2) There is a grape-sized cyst on my ovary. It’s not “normal,” but not entirely abnormal for “pre-menopausal women.” That was the one comment that threw me—“I’m pre-menopausal!??!!?” Her response, “yes, because you haven’t gone through menopause.” Oh! Whooh! Maybe that needs to be called something else. Anyway,old me would have spent the next 16 hours becoming one of the world’s most well-read amateur scholars on ovarian cysts. New me? Ate three mint Milano cookies and read some YA.
3) The doc’s biggest short-term worry was my risk for neural tube defects and lack of folic acid supplementation. She was like, “walk, don’t run, to fill this prescription for a high dose of folic acid.” I didn’t have a chance to fill the Rx, so I sent my hubs to the pharmacy to buy a jug of folic acid tablets and have now taken a large handful of them. (If I overdose and die, this blog post is the evidence that it was not an intentional suicide.)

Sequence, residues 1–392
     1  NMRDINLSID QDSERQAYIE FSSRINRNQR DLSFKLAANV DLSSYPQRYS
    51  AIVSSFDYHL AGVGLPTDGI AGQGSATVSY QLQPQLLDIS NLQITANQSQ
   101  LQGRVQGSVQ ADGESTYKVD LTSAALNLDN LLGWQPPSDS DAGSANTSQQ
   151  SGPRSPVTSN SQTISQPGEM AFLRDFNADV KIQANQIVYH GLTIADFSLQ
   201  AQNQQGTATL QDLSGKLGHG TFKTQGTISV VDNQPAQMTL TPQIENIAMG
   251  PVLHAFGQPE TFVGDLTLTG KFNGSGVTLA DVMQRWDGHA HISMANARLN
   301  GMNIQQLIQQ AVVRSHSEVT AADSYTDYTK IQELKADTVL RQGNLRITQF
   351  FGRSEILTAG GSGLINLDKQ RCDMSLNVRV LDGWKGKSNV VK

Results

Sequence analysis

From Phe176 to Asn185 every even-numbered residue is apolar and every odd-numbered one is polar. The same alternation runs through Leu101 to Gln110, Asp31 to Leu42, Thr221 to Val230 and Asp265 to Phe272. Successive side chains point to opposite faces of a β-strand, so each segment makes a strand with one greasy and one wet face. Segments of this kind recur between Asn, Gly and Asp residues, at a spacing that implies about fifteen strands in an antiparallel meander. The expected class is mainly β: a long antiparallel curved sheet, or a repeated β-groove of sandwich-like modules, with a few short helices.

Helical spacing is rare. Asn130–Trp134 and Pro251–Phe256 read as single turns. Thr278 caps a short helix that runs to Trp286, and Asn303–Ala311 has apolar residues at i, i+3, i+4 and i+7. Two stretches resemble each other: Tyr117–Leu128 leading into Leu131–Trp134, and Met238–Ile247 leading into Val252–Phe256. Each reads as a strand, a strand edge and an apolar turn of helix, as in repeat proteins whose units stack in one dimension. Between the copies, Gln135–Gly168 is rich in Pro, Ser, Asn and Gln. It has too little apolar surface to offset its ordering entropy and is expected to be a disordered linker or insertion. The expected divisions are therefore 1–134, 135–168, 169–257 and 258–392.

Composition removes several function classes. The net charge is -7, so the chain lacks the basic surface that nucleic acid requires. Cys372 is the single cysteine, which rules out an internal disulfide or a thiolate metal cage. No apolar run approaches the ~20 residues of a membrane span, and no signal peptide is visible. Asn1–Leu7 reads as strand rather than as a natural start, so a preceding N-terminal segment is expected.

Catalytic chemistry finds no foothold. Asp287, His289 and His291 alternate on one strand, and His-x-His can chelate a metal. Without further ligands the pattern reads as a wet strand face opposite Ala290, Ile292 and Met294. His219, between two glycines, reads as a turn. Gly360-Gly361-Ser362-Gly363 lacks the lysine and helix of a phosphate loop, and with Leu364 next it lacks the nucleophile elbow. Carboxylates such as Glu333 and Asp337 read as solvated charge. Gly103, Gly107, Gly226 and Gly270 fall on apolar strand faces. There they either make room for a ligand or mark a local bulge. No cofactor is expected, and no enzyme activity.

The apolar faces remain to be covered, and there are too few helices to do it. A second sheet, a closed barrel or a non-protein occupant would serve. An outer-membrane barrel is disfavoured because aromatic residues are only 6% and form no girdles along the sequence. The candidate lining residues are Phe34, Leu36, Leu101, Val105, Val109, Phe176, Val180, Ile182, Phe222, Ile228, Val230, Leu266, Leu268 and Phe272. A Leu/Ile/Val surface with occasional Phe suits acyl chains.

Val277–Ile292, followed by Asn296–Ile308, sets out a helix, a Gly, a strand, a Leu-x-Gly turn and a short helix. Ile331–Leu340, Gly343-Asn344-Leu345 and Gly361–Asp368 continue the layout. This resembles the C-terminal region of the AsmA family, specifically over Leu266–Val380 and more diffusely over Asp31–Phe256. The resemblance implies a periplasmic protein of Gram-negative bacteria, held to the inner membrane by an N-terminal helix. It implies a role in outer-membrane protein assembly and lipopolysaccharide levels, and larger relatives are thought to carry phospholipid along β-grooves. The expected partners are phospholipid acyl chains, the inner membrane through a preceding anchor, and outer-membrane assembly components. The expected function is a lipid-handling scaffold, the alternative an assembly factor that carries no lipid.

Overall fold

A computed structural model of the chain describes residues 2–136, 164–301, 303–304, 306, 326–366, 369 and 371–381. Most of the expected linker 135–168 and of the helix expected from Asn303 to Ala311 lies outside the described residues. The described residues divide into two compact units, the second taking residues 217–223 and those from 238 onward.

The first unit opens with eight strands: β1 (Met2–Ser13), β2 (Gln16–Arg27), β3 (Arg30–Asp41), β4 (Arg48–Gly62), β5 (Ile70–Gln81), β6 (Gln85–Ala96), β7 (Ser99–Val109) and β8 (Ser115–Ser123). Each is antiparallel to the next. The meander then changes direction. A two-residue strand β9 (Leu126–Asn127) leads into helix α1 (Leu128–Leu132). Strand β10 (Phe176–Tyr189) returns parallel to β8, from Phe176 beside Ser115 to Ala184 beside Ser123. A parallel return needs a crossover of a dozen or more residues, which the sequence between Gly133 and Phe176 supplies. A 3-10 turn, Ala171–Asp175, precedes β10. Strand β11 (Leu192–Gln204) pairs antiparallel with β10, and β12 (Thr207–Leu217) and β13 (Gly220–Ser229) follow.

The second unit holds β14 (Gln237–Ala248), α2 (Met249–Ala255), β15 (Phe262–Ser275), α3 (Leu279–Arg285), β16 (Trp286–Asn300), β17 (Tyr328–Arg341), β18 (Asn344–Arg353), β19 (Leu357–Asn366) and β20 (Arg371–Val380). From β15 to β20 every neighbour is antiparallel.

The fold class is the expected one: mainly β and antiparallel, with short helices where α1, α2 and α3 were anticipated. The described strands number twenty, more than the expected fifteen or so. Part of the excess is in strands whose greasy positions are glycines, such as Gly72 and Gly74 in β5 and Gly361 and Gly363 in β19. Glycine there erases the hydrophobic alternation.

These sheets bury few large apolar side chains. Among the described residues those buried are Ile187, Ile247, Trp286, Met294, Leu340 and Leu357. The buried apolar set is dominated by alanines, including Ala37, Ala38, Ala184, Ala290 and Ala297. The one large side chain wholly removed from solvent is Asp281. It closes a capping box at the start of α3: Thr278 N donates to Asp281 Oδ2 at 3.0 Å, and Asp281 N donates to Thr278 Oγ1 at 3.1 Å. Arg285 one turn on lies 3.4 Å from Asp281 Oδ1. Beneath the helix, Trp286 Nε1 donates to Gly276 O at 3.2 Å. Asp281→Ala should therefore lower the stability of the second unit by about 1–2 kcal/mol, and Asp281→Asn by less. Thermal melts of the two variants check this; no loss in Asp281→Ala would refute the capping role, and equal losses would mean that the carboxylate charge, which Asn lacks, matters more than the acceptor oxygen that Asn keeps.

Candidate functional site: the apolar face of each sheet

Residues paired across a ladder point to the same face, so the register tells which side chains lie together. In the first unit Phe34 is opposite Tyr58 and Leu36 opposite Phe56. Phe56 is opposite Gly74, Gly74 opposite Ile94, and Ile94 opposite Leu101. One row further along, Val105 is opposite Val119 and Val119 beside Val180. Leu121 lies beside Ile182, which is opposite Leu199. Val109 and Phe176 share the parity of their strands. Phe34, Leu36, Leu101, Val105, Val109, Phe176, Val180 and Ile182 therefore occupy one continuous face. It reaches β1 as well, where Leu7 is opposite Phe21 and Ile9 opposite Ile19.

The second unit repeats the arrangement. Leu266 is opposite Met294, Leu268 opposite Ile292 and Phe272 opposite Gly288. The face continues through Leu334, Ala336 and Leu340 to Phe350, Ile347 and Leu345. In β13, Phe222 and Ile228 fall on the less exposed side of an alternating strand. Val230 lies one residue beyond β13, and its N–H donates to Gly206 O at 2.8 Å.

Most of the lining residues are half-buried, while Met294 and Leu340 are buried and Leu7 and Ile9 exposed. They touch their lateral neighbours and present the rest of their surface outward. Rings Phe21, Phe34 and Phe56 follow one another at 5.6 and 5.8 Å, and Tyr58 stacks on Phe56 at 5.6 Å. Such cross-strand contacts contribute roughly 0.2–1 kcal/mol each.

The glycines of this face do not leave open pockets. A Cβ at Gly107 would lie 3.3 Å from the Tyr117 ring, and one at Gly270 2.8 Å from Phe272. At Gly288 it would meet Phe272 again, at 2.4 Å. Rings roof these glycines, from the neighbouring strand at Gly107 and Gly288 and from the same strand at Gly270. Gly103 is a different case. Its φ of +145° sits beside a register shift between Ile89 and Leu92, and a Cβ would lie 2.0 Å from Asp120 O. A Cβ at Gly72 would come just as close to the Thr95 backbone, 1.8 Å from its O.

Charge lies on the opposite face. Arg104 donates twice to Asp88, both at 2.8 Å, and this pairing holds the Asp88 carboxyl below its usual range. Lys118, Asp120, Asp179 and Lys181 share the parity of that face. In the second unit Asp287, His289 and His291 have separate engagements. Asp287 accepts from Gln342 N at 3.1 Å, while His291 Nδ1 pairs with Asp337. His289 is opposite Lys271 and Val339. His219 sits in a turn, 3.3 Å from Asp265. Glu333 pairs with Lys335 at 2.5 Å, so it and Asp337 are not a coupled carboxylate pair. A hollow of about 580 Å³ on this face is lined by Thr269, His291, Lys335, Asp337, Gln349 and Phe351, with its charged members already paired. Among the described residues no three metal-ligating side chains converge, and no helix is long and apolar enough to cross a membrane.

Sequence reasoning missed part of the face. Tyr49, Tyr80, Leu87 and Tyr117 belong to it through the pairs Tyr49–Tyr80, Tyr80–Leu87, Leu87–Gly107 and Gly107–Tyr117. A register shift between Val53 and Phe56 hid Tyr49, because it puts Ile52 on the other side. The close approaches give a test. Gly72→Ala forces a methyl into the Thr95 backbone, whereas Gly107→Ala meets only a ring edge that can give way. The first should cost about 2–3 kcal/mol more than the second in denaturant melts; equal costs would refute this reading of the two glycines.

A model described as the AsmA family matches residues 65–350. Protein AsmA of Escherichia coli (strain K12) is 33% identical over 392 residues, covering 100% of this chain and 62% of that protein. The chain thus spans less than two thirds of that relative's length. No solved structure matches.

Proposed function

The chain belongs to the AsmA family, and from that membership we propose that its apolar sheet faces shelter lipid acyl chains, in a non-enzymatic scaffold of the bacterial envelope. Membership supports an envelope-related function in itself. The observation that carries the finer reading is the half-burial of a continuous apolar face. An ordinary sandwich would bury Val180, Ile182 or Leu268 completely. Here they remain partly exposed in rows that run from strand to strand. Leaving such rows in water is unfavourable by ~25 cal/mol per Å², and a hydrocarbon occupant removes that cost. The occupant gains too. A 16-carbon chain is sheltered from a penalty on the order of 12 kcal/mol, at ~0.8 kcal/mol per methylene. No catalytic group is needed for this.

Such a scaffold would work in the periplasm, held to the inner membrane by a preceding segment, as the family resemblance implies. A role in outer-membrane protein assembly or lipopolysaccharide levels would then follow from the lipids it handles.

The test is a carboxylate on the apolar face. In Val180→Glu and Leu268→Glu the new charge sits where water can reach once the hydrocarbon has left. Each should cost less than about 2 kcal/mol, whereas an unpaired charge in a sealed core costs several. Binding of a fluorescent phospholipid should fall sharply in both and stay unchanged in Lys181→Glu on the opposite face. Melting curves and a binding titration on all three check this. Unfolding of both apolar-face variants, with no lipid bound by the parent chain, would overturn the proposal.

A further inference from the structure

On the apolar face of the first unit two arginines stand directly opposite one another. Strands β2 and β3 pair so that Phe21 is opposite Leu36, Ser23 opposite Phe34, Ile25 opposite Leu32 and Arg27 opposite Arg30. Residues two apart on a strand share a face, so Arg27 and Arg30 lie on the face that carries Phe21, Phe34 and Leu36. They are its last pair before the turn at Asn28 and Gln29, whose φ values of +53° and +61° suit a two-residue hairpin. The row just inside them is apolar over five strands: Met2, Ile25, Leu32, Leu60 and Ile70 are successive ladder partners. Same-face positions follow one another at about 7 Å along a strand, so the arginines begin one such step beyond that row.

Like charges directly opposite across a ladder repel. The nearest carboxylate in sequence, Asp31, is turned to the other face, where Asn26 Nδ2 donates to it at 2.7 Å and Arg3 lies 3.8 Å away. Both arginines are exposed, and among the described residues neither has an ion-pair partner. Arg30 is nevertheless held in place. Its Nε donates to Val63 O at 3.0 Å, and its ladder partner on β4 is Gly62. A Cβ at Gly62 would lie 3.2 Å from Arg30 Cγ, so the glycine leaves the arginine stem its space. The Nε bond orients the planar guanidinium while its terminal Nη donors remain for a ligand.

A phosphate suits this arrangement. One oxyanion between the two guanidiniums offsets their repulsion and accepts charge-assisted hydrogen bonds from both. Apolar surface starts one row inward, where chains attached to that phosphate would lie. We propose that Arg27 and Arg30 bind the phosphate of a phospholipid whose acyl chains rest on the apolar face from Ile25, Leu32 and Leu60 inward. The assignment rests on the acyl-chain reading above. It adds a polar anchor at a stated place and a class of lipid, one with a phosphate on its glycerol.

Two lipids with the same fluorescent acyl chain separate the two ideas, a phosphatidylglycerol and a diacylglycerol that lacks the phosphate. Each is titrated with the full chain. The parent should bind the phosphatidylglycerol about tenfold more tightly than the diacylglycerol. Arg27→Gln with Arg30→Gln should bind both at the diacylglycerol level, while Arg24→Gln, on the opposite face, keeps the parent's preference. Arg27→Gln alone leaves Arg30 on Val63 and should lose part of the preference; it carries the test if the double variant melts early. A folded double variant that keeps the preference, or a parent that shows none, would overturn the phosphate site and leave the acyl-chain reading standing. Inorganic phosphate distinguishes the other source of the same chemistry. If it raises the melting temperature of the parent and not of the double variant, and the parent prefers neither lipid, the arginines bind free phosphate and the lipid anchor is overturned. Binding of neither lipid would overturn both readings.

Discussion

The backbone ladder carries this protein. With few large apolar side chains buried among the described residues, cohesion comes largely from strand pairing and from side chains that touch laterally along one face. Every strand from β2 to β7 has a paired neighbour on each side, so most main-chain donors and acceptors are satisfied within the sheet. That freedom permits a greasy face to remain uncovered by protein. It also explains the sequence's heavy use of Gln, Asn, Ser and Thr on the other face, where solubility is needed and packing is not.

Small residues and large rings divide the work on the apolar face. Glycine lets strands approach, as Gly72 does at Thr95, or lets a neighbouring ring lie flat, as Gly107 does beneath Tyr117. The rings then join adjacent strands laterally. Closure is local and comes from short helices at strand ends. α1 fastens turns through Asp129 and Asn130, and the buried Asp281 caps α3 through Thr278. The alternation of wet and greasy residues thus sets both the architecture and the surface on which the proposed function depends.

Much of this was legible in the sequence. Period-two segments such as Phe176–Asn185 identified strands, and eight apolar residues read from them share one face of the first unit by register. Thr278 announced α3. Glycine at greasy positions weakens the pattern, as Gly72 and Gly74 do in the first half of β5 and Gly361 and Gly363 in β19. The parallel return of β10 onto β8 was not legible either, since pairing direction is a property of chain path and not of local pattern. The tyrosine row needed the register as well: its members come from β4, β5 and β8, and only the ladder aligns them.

4) Final observation, being under the care of a regular old OB instead of a fertility doctor is amazing!
a. I told her I was planning to run a marathon in 3 weeks. She was like, “cool, have fun!” I cannot stop laughing thinking how my fertility doctor would react if I told him, just after confirming my pregnancy, that I planned on going out for an easy nbd 26.2 mile run. He would have FREAKED OUT. Bigly.